Birth of the Ferrari F70: a study in carbon (w/VIDEOS)

Ferrari used the Paris Motor Show to reveal ‘part’ of its forthcoming F70 super sports car, successor to the Enzo and the only model in Ferrari’s range which will be ‘built without compromise’, just like McLaren’s recently launched P1 Concept.

Those of us who’ve already seen an F70 prototype out and about on the roads around Maranello, will be disappointed to find Ferrari chose to share just its carbon fibre chassis, but there’s still much to relish from an engineering sculpture worthy of the great Michelangelo.

The carbon fibre monocoque has been designed with the help of Rory Byrne, Ferrari’s F1 chief designer who was behind 11 of the team’s Championship titles. It’s the most complex (and time consuming) chassis ever developed for a Ferrari road car and drew upon the company’s vast experience of working with composites for single-seaters.

The new F70, which will be Ferrari’s first ever hybrid model, will be produced in a special limited edition series just like its predecessor, however the overall chassis is 20 per cent lighter than the Ferrari Enzo, despite the extra weight required by housing the hybrid components and to meet regulatory obligations. Torsional rigidity is increased by 27 per cent and beam stiffness is also up by 22 per cent.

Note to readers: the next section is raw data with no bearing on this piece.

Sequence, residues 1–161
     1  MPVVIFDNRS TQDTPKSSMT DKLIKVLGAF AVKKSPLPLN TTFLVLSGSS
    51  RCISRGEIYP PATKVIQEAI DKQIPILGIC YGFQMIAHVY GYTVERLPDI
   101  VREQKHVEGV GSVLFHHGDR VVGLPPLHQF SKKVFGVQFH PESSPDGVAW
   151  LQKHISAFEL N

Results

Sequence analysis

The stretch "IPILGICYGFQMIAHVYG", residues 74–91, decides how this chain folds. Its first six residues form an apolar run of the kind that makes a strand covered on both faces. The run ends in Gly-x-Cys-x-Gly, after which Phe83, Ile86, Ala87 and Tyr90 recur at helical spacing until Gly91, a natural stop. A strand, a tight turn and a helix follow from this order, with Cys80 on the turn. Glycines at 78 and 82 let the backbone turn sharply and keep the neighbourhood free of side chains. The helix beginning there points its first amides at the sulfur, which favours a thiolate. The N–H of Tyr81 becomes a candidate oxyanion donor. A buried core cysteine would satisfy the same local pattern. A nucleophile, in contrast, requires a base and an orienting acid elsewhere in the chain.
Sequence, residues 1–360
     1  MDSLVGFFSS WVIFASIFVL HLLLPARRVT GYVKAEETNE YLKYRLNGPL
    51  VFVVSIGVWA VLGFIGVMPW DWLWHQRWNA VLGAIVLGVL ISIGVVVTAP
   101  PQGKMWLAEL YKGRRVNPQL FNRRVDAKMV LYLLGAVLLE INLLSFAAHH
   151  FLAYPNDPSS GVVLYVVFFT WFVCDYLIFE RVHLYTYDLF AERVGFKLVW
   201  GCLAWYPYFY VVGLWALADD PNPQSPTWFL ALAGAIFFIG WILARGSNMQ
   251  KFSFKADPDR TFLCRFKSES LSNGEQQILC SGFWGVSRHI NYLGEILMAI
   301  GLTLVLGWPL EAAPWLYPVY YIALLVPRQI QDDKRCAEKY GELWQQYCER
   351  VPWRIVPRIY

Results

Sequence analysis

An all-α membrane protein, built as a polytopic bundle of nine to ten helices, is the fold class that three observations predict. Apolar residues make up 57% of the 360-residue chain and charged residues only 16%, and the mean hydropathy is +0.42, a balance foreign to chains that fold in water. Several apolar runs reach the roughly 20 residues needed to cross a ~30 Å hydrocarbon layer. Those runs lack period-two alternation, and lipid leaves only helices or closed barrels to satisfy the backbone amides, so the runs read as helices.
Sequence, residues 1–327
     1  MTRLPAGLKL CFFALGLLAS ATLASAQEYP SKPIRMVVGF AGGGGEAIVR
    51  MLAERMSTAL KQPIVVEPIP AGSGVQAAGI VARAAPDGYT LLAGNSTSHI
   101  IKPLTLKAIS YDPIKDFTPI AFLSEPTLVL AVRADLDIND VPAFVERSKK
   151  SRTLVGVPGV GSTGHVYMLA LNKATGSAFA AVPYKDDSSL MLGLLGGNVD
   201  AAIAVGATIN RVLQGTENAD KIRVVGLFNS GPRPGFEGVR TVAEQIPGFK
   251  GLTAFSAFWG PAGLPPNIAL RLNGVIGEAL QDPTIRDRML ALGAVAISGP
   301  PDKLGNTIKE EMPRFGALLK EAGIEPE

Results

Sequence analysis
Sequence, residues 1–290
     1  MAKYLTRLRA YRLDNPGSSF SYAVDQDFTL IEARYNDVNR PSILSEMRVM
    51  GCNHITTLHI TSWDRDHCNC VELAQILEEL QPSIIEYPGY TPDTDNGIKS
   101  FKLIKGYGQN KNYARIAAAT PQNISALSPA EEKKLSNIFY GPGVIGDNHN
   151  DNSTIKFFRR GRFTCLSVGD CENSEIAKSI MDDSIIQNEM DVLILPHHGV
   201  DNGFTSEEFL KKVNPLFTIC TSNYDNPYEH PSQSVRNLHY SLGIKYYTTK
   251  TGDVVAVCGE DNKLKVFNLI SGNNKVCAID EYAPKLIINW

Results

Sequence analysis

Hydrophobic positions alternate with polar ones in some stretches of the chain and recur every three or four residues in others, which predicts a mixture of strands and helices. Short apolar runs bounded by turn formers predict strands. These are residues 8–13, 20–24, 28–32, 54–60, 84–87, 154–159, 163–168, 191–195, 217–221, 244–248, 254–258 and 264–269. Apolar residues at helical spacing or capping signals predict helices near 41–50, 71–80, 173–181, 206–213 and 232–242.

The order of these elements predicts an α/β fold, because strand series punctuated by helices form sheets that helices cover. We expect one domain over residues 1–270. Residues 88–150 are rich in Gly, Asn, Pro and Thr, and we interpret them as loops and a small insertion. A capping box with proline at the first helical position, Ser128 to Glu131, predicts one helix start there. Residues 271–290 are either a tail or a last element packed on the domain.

The materials, design methodologies, construction processes, staff and instruments used are all shared with the Scuderia Ferrari team, while the chassis uses four different types of carbon-fibre and is hand-laminated then cured in autoclaves following engineering processes which optimise the design by integrating the different components.

Ferrari didn’t use the industrial carbon-fibre manufacturing techniques, such as RTM (Resin Transfer Moulding), normally adopted in the automotive sector, but instead created the main structure from T800 carbon with local, strategic applications of T800UD, a unidirectional carbon-fibre tape, for reinforcement.

To ensure weight was kept to an absolute minimum, the structural underbody and cross-member are made from another type of particularly high tensile strength carbon-fibre, known as M46J.

In certain critical areas, such as the doors, very tough T1000 was adopted, which is particularly efficient in terms of impact absorption – another lesson adapted from single-seaters, this time from the safety-cell construction of nose-cones. Carbon-fibre is combined with Kevlar for the undertray to prevent damage from debris thrown up from the road.

The F70’s hybrid drivetrain was shown at this year’s Beijing Auto Show, which features an updated version of Ferrari’s HY-KERS system previewed in that tastefully-coloured lime-green 599 GTB that toured the motor shows during 2010.

The powertrain consists of two electric motors, one mounted to the gearbox and sending drive to the rear wheels and the other used to power auxiliary systems such as the power steering, brake servo, air conditioning and onboard systems. These electric motors are combined with a new-generation V12 engine producing upwards of 800bhp. Ferrari have stated their aim of delivering 1.34bhp for every 1kg of weight added by the hybrid system, so the powerplant’s combined power output may be even higher .

With rumours of a 1100kg kerb weight, the F70 will be the fastest Ferrari road car ever made, but will also be the most efficient, with the HY-KERS system enabling around 40 percent less emissions than an equivalent internal combustion engine.

The F70 is due to be shown to potential customers by the end of the year, before being officially launched at the Geneva Motor Show in spring 2013.